The World's Seagrass Species: On the Road to Potential Extinction?
Short, F.T., Polidoro, B., Livingstone, S.R., Carpenter, K.E., Bandeira, S., Bujang, J.S., Calumpong, H.P., Carruthers, T.J.B., Coles, R.G., Dennison, W.C., Erftemeijer, P.L.A., Fortes, M.D., Freeman, A.S., Jagtap, T.G., Kamal, A.H.M., Kendrick, G.A., Kenworthy, W.J., La Nafie, Y.A., Nasution, I.M., Orth, R.J., Prathep, A., Sanciangco, J.C., van Tussenbroek, B., Vergara, S.G., Waycott, M. and Zieman, J.C. 2011. Extinction risk assessment of the world's seagrass species. Biological Conservation 144: 1961-1971.
In their own study, "for the first time," say the authors, "the probability of extinction is determined for the world's seagrass species under the Categories and Criteria of the International Union for the Conservation of Nature (IUCN) Red List of Threatened Species," which effort they describe as "a four-year process involving seagrass experts internationally, compilation of data on species' status, populations, and distribution, and review of the biology and ecology of each of the world's seagrass species." So what did they find?
The twenty-six seagrass experts -- hailing from eleven different countries -- determined that ten seagrass species (comprising 14% of all seagrass species) are at elevated risk of extinction, with three other species qualifying as Endangered. But what is the cause of the problem? Is it CO2-induced global warming and ocean acidification? Not much is said about these two villains; but the international team of experts name a number of others, including suspended sediments and siltation (Dennison et al., 1993; de Boer, 2007), coastal construction, land reclamation, shoreline hardening, and dredging (Erftemeijer and Lewis, 2006), damaging fisheries practices such as trawling and aquaculture (Pergent-Martini et al., 2006), mechanical damage from boats, boat moorings and docks (Burdick and Short, 1999; Kenworthy et al., 2002), introduced species (Williams, 2007) that compete for space and resources (Heck et al., 2000) and certain diseases (Rasmussen, 1997). Thus, they conclude that "the most common threat to seagrasses is human activity," particularly that of the type which is responsible for most of the threats listed above.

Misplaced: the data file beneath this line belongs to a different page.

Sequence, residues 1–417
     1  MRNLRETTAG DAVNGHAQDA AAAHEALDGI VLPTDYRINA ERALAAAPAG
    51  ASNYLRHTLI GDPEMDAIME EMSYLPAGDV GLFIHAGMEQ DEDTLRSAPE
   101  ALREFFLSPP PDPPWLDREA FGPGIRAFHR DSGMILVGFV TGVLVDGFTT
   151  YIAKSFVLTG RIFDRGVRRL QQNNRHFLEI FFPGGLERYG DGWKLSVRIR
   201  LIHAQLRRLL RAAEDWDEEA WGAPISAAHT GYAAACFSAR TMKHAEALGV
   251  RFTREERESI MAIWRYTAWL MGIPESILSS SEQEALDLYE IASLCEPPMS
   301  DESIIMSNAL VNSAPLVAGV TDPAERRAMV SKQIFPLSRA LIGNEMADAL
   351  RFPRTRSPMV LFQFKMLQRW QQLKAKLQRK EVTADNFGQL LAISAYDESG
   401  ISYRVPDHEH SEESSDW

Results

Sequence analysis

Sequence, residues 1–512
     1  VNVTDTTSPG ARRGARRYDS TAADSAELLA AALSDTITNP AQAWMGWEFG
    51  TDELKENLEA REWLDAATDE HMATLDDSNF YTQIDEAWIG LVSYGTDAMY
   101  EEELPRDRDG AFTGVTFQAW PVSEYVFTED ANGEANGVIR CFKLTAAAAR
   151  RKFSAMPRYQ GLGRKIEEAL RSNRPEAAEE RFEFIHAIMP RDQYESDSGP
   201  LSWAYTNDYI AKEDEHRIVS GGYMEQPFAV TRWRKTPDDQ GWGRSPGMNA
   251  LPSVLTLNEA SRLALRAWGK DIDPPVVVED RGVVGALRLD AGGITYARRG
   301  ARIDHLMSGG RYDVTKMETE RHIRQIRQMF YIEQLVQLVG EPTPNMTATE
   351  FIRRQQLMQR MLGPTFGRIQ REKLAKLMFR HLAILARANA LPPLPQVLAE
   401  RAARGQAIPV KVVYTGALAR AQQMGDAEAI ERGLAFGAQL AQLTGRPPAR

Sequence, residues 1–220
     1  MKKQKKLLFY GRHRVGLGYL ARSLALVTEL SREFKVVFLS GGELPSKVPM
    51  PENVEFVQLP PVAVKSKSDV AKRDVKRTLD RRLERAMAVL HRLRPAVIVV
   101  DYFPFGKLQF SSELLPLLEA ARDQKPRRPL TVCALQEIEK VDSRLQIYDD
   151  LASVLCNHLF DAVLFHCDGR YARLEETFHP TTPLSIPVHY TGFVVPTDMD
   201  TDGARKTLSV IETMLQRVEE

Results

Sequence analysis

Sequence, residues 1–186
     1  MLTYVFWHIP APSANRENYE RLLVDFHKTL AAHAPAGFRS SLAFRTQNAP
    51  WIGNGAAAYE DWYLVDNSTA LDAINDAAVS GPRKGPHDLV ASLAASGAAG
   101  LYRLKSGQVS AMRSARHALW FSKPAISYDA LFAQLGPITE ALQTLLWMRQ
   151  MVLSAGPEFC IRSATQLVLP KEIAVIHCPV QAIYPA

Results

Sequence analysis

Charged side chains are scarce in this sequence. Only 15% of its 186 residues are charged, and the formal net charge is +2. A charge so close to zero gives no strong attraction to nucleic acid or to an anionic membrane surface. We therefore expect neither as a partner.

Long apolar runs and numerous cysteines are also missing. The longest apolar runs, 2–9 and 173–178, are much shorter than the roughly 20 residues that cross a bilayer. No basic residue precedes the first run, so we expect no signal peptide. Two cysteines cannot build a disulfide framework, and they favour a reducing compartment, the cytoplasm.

Short et al. go on to state that these "localized impacts to seagrass species will decrease their survival capacity in the face of global threats," such as "the effects of global climate change." Thus, it is only logical to conclude that if these localized impacts of human activity could somehow be dramatically reduced, there would be a correspondingly dramatic improvement in the ability of seagrasses to withstand the threats of anthropogenic-induced global warming and ocean acidification.
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